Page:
first three Gospels, the synoptics, wrote independently of each
other. Each wrote his independent narrative under the guidance
of the Holy Spirit.
Each writer has some things, both in matter and style,
peculiar to himself, yet all the three have much in common.
Luke's Gospel has been called "the Gospel of the nations, full
of mercy and hope, assured to the world by the love of a
suffering Saviour;" "the Gospel of the saintly life;" "the
Gospel for the Greeks; the Gospel of the future; the Gospel of
progressive Christianity, of the universality and gratuitousness
of the gospel; the historic Gospel; the Gospel of Jesus as the
good Physician and the Saviour of mankind;" the "Gospel of the
Fatherhood of God and the brotherhood of man;" "the Gospel of
womanhood;" "the Gospel of the outcast, of the Samaritan, the
publican, the harlot, and the prodigal;" "the Gospel of
tolerance." The main characteristic of this Gospel, as Farrar
(Cambridge Bible, Luke, Introd.) remarks, is fitly expressed in
the motto, "Who went about doing good, and healing all that were
oppressed of the devil" (Acts 10:38; comp. Luke 4:18). Luke
wrote for the "Hellenic world." This Gospel is indeed "rich and
"Out of a total of 1151 verses, Luke has 389 in common with
Matthew and Mark, 176 in common with Matthew alone, 41 in common
with Mark alone, leaving 544 peculiar to himself. In many
instances all three use identical language." (See MATTHEW
¯T0002442; MARK ¯T0002419; GOSPELS ¯T0001532.)
There are seventeen of our Lord's parables peculiar to this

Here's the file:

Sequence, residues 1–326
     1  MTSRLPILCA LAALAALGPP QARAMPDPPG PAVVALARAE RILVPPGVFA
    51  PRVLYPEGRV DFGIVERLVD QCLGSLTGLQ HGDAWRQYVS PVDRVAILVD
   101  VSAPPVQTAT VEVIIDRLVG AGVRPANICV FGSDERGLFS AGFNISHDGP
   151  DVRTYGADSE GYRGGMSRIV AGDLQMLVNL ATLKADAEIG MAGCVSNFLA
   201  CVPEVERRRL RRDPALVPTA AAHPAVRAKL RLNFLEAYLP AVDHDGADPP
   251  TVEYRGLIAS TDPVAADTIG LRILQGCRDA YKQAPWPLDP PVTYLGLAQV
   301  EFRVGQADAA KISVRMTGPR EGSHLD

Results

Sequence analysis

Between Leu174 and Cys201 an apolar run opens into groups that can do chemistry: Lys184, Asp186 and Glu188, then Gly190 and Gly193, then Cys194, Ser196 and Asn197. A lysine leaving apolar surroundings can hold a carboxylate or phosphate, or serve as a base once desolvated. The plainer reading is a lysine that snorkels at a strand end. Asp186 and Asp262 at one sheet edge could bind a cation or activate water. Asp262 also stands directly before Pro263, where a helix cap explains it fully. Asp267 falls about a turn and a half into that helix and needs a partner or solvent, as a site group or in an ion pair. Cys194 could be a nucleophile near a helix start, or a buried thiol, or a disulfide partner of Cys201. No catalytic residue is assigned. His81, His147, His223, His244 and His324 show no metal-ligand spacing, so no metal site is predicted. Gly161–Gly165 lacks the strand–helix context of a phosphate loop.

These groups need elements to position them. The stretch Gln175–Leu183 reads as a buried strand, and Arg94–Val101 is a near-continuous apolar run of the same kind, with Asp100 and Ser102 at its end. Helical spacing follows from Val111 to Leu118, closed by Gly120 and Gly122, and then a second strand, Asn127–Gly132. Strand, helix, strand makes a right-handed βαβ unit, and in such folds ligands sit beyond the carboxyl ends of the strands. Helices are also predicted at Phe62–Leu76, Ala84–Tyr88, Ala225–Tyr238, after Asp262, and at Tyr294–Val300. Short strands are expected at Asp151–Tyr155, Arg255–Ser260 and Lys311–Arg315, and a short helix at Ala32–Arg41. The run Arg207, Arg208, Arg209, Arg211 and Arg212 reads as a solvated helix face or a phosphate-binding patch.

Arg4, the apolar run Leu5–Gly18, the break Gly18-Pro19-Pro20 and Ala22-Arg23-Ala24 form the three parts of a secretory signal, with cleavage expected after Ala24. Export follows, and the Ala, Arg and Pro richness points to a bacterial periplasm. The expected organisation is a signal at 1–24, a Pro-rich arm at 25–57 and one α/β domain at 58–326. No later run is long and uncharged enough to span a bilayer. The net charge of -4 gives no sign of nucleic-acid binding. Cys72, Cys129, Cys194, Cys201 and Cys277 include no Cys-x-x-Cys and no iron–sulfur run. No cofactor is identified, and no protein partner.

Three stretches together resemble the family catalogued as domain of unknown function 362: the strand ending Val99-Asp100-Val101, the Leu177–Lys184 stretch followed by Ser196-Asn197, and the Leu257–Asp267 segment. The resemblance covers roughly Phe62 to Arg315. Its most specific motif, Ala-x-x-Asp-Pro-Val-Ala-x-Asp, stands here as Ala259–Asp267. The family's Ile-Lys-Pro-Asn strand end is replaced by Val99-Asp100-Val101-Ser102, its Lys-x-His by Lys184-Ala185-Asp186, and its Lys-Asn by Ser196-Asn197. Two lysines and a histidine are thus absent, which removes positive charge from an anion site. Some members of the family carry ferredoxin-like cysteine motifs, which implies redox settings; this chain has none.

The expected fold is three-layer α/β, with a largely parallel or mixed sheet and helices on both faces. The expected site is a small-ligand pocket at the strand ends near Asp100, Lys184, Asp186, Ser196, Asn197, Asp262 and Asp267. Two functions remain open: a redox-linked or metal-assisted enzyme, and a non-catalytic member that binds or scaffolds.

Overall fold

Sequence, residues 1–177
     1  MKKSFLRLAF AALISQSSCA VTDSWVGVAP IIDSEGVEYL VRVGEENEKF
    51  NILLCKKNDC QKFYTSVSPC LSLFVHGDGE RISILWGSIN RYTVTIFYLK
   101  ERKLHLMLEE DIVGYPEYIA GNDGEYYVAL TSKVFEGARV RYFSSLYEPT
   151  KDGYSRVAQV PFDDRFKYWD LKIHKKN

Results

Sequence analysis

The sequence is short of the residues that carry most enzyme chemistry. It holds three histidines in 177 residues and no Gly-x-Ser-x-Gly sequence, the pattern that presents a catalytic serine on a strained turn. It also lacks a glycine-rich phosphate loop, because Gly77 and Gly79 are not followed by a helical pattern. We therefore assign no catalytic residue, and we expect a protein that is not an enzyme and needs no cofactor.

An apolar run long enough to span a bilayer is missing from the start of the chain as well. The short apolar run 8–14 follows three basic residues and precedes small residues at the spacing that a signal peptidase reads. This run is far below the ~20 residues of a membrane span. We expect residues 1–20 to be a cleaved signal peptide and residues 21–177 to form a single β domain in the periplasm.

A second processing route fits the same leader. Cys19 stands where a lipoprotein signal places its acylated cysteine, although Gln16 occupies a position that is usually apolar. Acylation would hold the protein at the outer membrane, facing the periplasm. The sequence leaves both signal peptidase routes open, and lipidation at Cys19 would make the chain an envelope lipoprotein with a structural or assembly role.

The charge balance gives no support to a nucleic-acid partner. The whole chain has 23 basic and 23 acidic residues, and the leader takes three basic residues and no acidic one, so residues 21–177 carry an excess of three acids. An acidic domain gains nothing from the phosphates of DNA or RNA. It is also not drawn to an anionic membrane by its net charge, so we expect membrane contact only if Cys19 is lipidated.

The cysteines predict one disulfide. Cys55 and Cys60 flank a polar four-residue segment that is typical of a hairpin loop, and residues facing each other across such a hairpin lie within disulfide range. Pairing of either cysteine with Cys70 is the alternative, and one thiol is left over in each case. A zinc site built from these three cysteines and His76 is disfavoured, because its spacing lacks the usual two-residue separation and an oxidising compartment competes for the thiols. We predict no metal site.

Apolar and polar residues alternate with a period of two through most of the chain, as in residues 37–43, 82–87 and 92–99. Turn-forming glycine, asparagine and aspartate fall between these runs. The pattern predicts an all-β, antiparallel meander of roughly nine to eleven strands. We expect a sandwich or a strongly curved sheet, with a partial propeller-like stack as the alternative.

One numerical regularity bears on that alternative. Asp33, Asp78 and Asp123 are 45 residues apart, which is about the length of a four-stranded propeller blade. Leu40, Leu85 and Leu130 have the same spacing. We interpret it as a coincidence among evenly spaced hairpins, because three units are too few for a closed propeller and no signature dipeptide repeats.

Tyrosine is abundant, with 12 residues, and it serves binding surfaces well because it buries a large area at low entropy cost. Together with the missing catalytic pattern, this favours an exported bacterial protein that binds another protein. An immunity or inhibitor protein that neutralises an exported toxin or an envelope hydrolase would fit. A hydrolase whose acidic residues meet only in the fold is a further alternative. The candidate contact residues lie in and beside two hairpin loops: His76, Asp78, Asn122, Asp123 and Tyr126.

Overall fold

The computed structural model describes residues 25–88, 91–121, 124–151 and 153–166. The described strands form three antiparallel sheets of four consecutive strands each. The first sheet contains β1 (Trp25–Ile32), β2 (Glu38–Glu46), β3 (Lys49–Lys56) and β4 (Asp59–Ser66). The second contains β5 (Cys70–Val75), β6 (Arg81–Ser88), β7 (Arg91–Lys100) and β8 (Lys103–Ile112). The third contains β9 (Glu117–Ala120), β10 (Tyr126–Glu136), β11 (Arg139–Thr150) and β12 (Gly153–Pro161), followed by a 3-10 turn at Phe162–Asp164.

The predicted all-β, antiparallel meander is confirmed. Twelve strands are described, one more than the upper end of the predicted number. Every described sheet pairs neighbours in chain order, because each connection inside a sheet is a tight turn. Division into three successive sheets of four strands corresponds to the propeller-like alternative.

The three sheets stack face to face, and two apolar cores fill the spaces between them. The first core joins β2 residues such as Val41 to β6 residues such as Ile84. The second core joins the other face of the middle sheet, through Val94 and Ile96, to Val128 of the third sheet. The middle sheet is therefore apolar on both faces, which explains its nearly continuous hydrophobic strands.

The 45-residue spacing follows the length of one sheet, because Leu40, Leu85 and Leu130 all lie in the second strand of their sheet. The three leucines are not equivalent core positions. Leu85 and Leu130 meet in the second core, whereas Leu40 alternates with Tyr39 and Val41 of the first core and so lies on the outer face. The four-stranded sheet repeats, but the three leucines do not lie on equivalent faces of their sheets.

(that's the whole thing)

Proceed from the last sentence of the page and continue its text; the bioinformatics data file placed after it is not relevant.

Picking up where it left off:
Gospel. (See List of Parables in Appendix.) Luke also records
seven of our Lord's miracles which are omitted by Matthew and
Mark. (See List of Miracles in Appendix.) The synoptical Gospels
are related to each other after the following scheme. If the
contents of each Gospel be represented by 100, then when
compared this result is obtained:
Mark has 7 peculiarities, 93 coincidences.
Matthew 42 peculiarities, 58 coincidences.
Luke 59 peculiarities, 41 coincidences.
That is, thirteen-fourteenths of Mark, four-sevenths of Matthew,
and two-fifths of Luke are taken up in describing the same
things in very similar language.
Luke's style is more finished and classical than that of
Matthew and Mark. There is less in it of the Hebrew idiom. He
uses a few Latin words (Luke 12:6; 7:41; 8:30; 11:33; 19:20),
but no Syriac or Hebrew words except sikera, an exciting drink
of the nature of wine, but not made of grapes (from Heb. shakar,
"he is intoxicated", Lev. 10:9), probably palm wine.
This Gospel contains twenty-eight distinct references to the
The date of its composition is uncertain. It must have been
written before the Acts, the date of the composition of which is
generally fixed at about 63 or 64 A.D. This Gospel was written,
therefore, probably about 60 or 63, when Luke may have been at
Caesarea in attendance on Paul, who was then a prisoner. Others
have conjectured that it was written at Rome during Paul's